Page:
JANUARY 16, 2014
I recently began to use a certain four-letter word in my classroom. The kind of word that most teachers wouldn’t dare say, not unless they wanted to raise eyebrows among colleagues, supervisors and parents. But I use it freely. And loudly. Now my students say it, too — when they struggle with a worksheet, strike out on the ball field, fumble with the final strokes of an art project. Some of them have even taught the four-letter word to younger siblings at home.
“Grit.” A four-letter word that every teacher and student should know and use.
The “Other” Common Core
Haven’t heard of grit? You’re hardly alone. In an educational culture consumed by grading, ranking and incentivizing (think No Child Left Behind and Race to the Top), the learning landscape has become overgrown with performance standards that leave little room for anything but high-stakes testing. Don’t get me wrong — I’m no apologist for accountability. I don’t dislike grades. In fact, I’d love for our community classrooms to run just a bit more like corporate boardrooms. If you can’t measure something, you can’t change it. As my fellow Dallasite Mark Cuban once quipped, “Sunlight is the best disinfectant.”
But along with the new standards and value-added evaluations, educators shouldn’t drop their focus on the “other” common core — the habits and mindsets that, when effectively nurtured and carefully monitored, form the basis of a richer learning experience. Today’s classrooms are notorious for handing students the basic skills to live in the world while denying them the strength of character to transform it. We teach kids to memorize, drill, spit back and move on. But what happens when they can’t move on, when the answers are elusive? Can we prepare students to deal with the inescapable disappointment, frustration and hair-pulling that is a part of learning and life itself? William Butler Yeats said that education isn’t about filling a bucket, but lighting a fire. And it is this “total education,” complete with lessons on humility, hard work and resilience, that ultimately writes the script for a child’s long-term success. It’s not about grades. It’s about grit.
Sustained Interest and Growth Mindset
Developing grit isn’t a new concept (character education has surfaced in many schools for decades), but it’s become a lot less squishy thanks to important research that helps explain why some students fail — and why others succeed.Angela Duckworth, an associate professor of psychology at the University of Pennsylvania, studied (among others) the performance of West Point cadets during basic training. She discovered that the most powerful predictor of success — acceptance into the academy — was grit. Duckworth calls grit “the tendency to sustain interest in and effort toward very long-term goals.” Applied to learning, grit would be summoned every time students stare down a challenge, persist through adversity, or refuse to quit after failing to reduce a fraction — for the fifth time.
Duckworth’s research is heir to the work of Stanford psychologist Carol Dweckon mindsets. Believing that we can succeed even after suffering repeated setbacks (what Dweck calls a “growth mindset”) can actually re-wire our brains — and rewrite our fortunes. Students who show grit absolutely reject the notion of remaining still. They push and scratch past roadblock after roadblock. In their supercharged efforts to drive further ahead, grit is the grease, and mindsets are the engine.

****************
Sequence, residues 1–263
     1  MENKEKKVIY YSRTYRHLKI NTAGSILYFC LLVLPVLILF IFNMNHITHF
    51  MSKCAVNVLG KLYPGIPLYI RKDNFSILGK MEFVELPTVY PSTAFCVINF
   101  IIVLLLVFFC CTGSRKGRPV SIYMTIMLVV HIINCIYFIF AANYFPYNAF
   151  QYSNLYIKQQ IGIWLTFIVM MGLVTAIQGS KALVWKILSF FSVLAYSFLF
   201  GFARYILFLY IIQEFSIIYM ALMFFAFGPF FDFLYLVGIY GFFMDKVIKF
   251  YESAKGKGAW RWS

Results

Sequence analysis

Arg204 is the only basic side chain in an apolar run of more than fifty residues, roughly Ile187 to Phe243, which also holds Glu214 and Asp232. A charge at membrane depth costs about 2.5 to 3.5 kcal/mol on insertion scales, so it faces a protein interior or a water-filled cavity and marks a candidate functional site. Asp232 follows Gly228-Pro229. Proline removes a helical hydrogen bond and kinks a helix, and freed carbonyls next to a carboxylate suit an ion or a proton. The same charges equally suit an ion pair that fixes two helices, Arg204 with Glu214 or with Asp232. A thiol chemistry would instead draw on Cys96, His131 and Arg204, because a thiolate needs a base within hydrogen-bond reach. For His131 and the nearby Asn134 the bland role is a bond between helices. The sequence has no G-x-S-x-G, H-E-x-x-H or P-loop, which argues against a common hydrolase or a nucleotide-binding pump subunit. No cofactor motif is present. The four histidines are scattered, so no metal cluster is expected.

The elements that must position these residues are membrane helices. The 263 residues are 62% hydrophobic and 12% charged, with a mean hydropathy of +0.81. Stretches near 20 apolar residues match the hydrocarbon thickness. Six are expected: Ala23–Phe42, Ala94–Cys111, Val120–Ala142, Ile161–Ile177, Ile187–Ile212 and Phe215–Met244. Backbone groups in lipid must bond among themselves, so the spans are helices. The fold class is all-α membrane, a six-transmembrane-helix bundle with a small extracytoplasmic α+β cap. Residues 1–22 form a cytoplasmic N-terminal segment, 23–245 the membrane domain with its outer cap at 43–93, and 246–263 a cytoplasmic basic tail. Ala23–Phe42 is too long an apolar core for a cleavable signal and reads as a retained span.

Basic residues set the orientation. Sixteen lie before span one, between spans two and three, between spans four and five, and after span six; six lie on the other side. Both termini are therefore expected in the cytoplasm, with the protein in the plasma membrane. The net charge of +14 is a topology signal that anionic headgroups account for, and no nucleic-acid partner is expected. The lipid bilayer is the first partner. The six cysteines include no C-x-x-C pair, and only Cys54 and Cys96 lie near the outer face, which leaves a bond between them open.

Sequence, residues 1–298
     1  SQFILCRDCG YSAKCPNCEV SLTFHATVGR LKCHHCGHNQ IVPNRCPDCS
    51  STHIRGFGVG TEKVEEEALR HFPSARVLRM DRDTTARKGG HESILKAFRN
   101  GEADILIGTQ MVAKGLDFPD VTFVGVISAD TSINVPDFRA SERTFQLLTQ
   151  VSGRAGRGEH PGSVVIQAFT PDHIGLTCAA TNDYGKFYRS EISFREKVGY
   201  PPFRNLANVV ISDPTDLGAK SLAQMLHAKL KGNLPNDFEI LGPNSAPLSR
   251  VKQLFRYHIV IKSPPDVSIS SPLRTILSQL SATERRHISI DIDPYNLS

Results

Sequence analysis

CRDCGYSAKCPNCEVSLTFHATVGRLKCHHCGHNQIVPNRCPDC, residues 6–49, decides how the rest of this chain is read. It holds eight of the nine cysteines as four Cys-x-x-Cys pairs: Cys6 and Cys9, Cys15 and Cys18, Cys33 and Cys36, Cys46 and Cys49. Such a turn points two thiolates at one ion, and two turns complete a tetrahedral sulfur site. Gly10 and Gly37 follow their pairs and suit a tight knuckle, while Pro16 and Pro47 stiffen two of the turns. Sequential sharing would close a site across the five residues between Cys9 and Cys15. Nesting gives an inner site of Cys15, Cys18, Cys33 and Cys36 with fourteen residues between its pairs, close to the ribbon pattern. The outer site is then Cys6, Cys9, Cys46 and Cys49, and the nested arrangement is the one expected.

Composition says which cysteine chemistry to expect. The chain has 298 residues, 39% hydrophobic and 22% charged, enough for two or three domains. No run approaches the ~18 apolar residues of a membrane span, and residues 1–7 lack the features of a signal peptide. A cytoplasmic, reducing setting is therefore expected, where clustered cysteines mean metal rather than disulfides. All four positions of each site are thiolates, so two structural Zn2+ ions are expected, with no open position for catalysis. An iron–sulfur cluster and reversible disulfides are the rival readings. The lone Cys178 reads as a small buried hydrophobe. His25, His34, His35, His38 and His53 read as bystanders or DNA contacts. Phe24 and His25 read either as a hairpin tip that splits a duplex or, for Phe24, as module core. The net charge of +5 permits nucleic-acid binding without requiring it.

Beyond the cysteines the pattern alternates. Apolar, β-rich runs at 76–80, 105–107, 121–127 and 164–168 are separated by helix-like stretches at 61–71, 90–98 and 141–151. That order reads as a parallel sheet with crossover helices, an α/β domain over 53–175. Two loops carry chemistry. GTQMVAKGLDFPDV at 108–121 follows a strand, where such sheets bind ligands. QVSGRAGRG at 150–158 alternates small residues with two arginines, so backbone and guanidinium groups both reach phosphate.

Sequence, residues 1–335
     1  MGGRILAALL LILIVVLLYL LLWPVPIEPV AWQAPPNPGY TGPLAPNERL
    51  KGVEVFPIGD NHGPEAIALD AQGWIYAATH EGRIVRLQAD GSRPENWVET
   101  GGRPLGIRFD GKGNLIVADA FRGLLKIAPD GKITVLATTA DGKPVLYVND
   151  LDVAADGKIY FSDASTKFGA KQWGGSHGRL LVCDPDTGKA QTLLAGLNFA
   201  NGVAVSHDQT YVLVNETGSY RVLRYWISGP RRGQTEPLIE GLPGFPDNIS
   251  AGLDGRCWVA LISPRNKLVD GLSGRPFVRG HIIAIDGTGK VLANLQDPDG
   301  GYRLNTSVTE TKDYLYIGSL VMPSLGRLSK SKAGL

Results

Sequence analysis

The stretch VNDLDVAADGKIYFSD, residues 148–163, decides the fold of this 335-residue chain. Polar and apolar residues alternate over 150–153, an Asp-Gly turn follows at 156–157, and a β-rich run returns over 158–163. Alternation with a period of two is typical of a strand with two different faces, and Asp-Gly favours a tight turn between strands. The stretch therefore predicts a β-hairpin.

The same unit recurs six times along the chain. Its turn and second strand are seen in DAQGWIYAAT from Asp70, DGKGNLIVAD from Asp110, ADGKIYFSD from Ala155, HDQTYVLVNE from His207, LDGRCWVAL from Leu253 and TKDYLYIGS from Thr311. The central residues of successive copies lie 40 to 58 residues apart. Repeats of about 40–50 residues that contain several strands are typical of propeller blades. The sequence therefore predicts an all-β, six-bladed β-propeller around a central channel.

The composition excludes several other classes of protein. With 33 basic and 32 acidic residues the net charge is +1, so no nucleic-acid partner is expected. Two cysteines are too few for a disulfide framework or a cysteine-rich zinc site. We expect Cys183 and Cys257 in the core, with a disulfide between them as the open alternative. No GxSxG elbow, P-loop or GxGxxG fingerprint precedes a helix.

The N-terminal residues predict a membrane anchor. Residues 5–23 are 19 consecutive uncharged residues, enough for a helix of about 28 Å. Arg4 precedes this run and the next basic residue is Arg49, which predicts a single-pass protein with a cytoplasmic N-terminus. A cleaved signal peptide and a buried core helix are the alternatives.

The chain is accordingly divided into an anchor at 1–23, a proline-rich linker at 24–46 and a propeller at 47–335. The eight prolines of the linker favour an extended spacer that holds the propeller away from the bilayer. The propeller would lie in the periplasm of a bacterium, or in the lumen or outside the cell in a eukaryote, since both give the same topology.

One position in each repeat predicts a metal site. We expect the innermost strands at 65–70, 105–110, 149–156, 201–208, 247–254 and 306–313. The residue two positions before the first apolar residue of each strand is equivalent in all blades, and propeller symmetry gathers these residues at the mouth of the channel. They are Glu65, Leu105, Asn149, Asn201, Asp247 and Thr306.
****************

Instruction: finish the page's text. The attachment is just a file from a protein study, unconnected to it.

3 Ways to Teach Grit
How can we teach grit when all students want to do is quit? Here are a few battle-tested suggestions to help kids reach deeper and aim higher.
Dweck demonstrates the power of “process-driven” language on student behavior. By shifting the focus of our feedback to effort as opposed tooutcome, we leave students with the feeling that their best is yet to come. Instead of praising Johnny’s top mark, applaud his diligent study habits. Or the way Sarah worked through a particularly difficult passage in the text. This kind of process-driven feedback works for setbacks, too. Consider the sweet potential behind that tiny disclaimer “yet.” There’s something stunningly honest and uplifting about telling a child that a goal hasn’t been mastered . . . yet. Keep at it. You’re almost there — not yet — but soon.
Weekly Reflection Journals
Every Friday, my students cap a week of learning with self-rating journal entries like “Something New I Learned” or “This Week’s Memorable Moment.” To test their grit, I’ve added a new prompt: “Something I Struggled With.” In this small space, there is both a mirror and a window. Students look into the mirror and admit a shortcoming. Teachers look through a window and perceive an opportunity. I’m still amazed by how honestly students answer this prompt. Their responses are raw, unfiltered — and revealing. A cheeky student once showed me his journal. The entry for “struggle” was left blank. “I didn’t struggle with anything this week!” he crowed. I handed the journal back, along with a deeper prompt: “Maybe you struggle with the fact that you think you don’t struggle!”
Finally, create a forum for class-wide discussion about grit at community meetings. These are scheduled, relaxed opportunities for students to sound off on issues affecting their class and their world. Frame the gathering with a news item (for older students) or a telling cartoon (for younger students) geared toward grit, and give them time to process it before they convene. At the meeting, encourage a conversation about why grit mattered — and why it should matter to them.
It won’t be easy. Kids grow tired, weary from effort. So do their teachers. To bring change, we press on, filled with determination. And grit.